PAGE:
The cryptosphere–especially from the inside out–is, well, a bit of an echo chamber.
After all, the technology that runs cryptocurrency and blockchain networks–as well as the possible use-cases for this technology–are so new and so esoteric that there’s almost a language barrier between crypto community members and the rest of the world; people on the inside speak about decentralization, hash rates, and Byzantine fault tolerance without blinking an eye, while onlookers simply scratch their heads.
It is exactly this gap in information that has at once led to the alienation and glorification of blockchain technology: crypto and blockchain seem both too outlandish to use in a widespread and serious manner, and also so ground-breakingly innovative that they must be great investments.
In other words, most of the narrative around blockchain technology is very polarized: the perception seems to be that either you’re an all-in, born-again Bitcoiner, or you’re a skeptic who couldn’t possibly understand the tenets of Satoshi Nakamoto’s creation nor its progeny.
This lack of nuanced conversation of the blockchain world has had disastrous consequences in the past–the ICO boom and bust of 2017 was largely fueled by a whirlwind of hype and misinformation; the financial fallout–as well as the reputational damage to individuals and companies working to make blockchain technology meaningful to society–still continues today.
Therefore, developing a culture of healthy skepticism and deep understanding of blockchain and cryptocurrencies–warts and all–is essential.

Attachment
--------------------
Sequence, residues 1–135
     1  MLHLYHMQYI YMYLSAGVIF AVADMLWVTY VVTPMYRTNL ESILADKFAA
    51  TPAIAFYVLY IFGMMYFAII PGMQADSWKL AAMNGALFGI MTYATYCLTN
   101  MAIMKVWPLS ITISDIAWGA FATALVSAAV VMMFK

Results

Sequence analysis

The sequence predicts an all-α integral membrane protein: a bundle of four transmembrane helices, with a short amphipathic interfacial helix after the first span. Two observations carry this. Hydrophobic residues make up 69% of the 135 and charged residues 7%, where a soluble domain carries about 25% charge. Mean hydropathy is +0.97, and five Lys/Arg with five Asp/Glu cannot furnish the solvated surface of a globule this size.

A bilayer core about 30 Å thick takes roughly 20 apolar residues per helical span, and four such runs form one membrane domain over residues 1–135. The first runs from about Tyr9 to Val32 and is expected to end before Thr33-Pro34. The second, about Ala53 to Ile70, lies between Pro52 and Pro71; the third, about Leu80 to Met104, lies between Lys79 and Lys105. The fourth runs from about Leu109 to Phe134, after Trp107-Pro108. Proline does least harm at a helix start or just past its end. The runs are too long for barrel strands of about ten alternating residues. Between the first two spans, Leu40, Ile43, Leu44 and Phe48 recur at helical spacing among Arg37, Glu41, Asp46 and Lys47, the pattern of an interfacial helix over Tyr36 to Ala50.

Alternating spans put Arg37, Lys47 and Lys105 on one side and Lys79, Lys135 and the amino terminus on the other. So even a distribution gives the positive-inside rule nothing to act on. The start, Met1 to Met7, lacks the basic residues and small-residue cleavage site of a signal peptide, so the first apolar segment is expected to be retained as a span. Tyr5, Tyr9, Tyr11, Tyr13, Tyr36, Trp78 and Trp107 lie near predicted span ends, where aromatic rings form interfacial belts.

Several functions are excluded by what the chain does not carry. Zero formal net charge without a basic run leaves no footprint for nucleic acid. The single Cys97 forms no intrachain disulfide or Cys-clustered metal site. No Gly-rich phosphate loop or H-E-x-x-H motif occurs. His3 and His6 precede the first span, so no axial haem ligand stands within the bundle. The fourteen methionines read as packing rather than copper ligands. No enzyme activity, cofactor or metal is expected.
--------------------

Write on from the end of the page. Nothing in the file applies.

David Gerard, crypto journalist, historian, and author of Attack of the 50-Foot Blockchain, is doing just that.
Finance Magnates recently sat down with David to speak about the current state of blockchain and crypto, the newest iteration of Libra, and what (if anything) blockchain is actually good for.
On Libra: “It was bizarre.”
“I’m not actually a great fan of this stuff,” he began, “I don’t think any of it works very well, I don’t think it’s a good investment; I think there’s lots and lots of reasons to stay away from it, particularly for a retail investor–but it’s also really totally fascinating, and really interesting to follow.”
For Gerard, this seems to be particularly true for Facebook’s Libra project, which officially published a ‘2.0’ version late last week.
He explained that in the early days of Libra–and even before Libra–”no one could work out what [Facebook] was doing or how it would make sense.”
Indeed, the earliest iterations of the Libra project–and even the first official version–were so far out of the mainstream view of the financial realm that it was difficult for society to contextualize.
As opposed to, for example, “being a money transmitter”, which is typically regarded as “a respectable business [model] that’s well-understood, well-regulated”, the Libra project involved a largely novel–even quirky–technological basis.
“People went, ‘oh! They’re doing a cryptocurrency? No, they can’t be doing a crypto, that doesn’t make any sense!’ And then we saw what they came out with in June, and it made no sense,” Gerard said.
Facebook's Libra: national currency tokens, a new white paper — what this means https://t.co/La8sTxu3xj Facebook is slowly being dragged, kicking and screaming, to running Libra like an ordinary, compliant payments processor. Paypal, but it's Facebook.
— David Gerard (@davidgerard) April 16, 2020
“It was bizarre,” he said, making a comparison to “those ICOs that you’d read about in the 2017 era, when they’d say, ‘our coin for bananas or dentistry will revolutionize the economy–$4 trillion of DentaCoin will take over the world!’”
“It was obviously stupid and impossible,” he continued, “and when regulators hear some crypto bozo say, ‘our CryptoBananaz™ will take over the world!’ They go, ‘that’s nice, just don’t break any laws.’”
However, “when somebody the size of Facebook starts talking the same way, governments get worried, because Facebook is a company with a continent-sized user base–they’re big.”